By Charlie Morasch, Land Line contributing writer | Tuesday, July 21, 2015
Port drayage trucks at the Left Coast’s busiest combined port complex moved with little tension during the end of spring and the first month of summer.
Consider that peace over.
On Tuesday, pictures on social media showed a horde of news crews photographing and recording drayage drivers delivering their notice of intent to strike at one container trucking company.
The trucking group Justice for Port Truck Drivers announced that drivers that work for Pac 9 Transportation began an “indefinite strike.” The drivers say they are fighting their misclassification as independent contractors rather than company employees.
At 6 a.m. Tuesday, drivers began picketing Carson, Calif.-based Pac 9 Transportation.
In a news release issued by the Teamsters-backed Justice for Port Drivers, Pac 9 driver Pedro Martinez said in five years of driving experience, he’d never been treated like he had at Pac 9 Transportation.
“The company refuses to recognize us as employees, refuses to provide us with safe and reliable trucks and refuses to improve our work environment,” Martinez said, according to the news release. “We are going on strike again, this time indefinitely because we are tired of the misclassification.”
Justice for Port Drivers recognized other drayage companies for recent changes to an employee-driver model. Shippers Transport Express and Eco Flow Transportation recently changed from using independent contractor drivers to employee drivers.
Drivers have made increasing numbers of wage and misclassification claims before the California Division of Labor Standards Enforcement. Justice for Port Drivers said drivers appear to have momentum, and called the classification of the majority of the 10,000 port drivers a way to “steal” from truckers.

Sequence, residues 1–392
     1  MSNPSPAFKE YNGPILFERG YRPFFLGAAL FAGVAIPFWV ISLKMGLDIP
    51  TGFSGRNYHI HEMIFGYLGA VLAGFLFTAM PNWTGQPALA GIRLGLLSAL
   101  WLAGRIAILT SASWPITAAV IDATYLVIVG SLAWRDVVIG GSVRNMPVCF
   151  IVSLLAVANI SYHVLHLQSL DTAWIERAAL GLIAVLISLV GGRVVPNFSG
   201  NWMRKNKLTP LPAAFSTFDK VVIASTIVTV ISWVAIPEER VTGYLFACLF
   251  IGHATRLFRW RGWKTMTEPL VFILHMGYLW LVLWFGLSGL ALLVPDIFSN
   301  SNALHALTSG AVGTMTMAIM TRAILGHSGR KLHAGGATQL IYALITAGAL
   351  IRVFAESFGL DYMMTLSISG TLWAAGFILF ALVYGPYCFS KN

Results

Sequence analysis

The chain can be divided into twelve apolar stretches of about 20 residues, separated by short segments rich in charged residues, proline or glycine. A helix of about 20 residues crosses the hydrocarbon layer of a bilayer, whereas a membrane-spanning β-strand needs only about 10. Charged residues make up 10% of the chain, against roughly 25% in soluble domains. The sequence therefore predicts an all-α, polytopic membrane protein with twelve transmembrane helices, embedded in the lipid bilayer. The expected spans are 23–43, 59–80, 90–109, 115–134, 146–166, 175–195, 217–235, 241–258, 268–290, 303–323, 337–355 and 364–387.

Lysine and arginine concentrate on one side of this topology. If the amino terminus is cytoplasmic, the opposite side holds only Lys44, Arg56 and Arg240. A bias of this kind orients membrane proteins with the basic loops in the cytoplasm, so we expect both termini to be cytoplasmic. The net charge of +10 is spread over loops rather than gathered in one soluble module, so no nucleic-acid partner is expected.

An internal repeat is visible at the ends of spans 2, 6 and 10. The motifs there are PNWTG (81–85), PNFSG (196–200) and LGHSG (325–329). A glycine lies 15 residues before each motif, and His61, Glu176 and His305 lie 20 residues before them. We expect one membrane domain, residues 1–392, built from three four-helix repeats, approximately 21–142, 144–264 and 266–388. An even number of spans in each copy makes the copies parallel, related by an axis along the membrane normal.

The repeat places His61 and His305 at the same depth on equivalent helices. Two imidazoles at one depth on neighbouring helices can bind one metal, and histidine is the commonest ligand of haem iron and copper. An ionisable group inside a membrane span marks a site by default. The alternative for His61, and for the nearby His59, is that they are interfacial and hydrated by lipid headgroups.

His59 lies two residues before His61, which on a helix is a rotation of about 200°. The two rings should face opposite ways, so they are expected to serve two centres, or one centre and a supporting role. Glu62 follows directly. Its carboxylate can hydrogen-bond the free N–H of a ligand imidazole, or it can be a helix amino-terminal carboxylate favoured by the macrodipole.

“At Pac 9, like at many companies, the owners are fusing to comply with the law and end misclassification,” the Justice for Port Drivers news release stated. “With 40 drivers’ wage and hour hearings scheduled in upcoming days before the California Division of Labor Standards Enforcement, Pac 9 would rather fight the losing battle in court than dispose of their illegal business model.”
Tuesday’s strike is the seventh such work stoppage that drivers have organized in recent years at the twin port complex.
The Teamsters say they’ll continue to back the drivers.
“Pac 9 drivers have courageously withstood retaliation and mistreatment by their employer for over two years, but these drivers refuse to back down from their fight for justice,” Teamsters Port Division Director Fred Potter said, according to the news release. “The Teamsters Union continues to support their efforts every step of the way.”
According to the company’s website, Pac 9 Transportation was formed in 2004 and has more than 160 trucks serving the ports daily. The company has more than 100,000 feet of warehouse space.
The company didn’t immediately respond to phone messages left Tuesday.
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